But what happens after 2012? The concerns in the market beyond this point are a combination of the longer-run fiscal sustainability problem and the difficulty these countries face in achieving the structural adjustments in labour and pension markets necessary to ensure sustainable growth in a period of budget restraint. The fear is that this will not be resolved by the time the support packages run out, and hence portfolio managers may not put the probability of restructuring as zero.

Table 3. Budget financing needs vs. European Financial Stability Facility €440 billion (€720 billion including funding from the IMF & EU)

Source: OECD.


Most of the sovereign debt held by EU banks is on their banking books, whereas the EU stress test considered only their smaller trading book exposures. Market participants, however, do not have the luxury of ignoring the sovereign debt held on the banking books.

  • First, individual bank failures would see latent losses on the banking book realised, a fact that creditors and equity investors need to take into account.
  • Second, and more importantly, the market is not prepared to give a zero probability to debt restructurings beyond the period of the stress test and/or the period after which the role of the European Financial Stability Facility comes to an end.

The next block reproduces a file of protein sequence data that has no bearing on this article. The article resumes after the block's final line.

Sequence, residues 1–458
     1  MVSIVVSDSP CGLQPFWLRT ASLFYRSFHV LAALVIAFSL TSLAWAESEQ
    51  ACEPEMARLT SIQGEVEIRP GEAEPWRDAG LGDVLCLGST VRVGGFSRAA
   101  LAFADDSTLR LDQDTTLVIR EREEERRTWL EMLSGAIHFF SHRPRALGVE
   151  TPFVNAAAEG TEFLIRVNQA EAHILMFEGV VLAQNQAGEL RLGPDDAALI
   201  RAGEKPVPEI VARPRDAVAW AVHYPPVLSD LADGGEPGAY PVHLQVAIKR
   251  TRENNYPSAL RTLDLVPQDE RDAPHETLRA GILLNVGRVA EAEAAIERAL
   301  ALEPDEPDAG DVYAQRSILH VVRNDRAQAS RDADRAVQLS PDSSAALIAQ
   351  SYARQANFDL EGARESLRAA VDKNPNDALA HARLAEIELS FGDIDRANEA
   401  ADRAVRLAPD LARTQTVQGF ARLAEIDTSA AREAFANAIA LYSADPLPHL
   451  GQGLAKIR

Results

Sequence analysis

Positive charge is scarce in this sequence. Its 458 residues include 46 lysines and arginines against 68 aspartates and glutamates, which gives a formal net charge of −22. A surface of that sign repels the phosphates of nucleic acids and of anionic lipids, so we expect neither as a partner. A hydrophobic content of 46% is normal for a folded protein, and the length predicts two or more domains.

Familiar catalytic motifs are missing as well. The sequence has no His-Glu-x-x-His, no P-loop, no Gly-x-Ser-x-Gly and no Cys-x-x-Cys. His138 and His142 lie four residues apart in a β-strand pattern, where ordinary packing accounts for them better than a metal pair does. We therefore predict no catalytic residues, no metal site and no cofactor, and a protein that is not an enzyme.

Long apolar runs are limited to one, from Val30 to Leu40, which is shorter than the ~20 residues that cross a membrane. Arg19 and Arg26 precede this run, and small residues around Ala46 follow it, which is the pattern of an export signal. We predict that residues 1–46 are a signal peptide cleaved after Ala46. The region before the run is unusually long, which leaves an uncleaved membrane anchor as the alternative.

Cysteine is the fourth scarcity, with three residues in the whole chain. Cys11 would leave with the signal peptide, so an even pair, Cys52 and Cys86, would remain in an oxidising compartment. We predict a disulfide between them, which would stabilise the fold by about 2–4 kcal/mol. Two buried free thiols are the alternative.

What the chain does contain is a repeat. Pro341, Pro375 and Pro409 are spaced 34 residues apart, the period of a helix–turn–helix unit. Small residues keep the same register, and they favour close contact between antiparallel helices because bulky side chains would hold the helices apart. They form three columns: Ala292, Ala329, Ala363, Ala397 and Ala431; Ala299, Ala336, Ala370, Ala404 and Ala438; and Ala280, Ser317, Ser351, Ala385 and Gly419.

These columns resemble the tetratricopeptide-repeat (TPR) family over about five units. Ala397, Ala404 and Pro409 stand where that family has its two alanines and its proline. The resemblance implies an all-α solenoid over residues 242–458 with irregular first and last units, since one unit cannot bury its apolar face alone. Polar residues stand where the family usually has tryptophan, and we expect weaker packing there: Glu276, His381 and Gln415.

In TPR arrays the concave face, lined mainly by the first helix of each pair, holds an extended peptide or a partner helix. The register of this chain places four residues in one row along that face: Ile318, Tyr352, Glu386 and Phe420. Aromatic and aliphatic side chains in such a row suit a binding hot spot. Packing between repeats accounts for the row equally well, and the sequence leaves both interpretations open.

The main reasons for this fear are clear. Markets are concerned about the mammoth task ahead for fiscal consolidation in a period of weak economic growth, and the apparent difficulty of achieving structural/competitiveness reforms in some countries in a relatively short period of time.


Baldwin, Richard, Daniel Gros, and Luc Laeven (2010) “Completing the Eurozone rescue: What more needs to be done?”, A Publication, 17 June.

Blundell-Wignall, A and P Slovik (2010), “The EU Stress Test and Sovereign Debt Exposures”, OECD Working Paper on Finance, Insurance and Private Pensions 4, OECD Financial Affairs Division.



Topics:  Europe's nations and regions International finance

Tags:  financial regulation, stress tests, Fiscal crisis, Eurozone crisis

Special Advisor to the Secretary-General on Financial Markets; and Deputy Director, Directorate for Financial and Enterprise Affairs, OECD

Economist and Policy Analyst at the OECD


CEPR Policy Research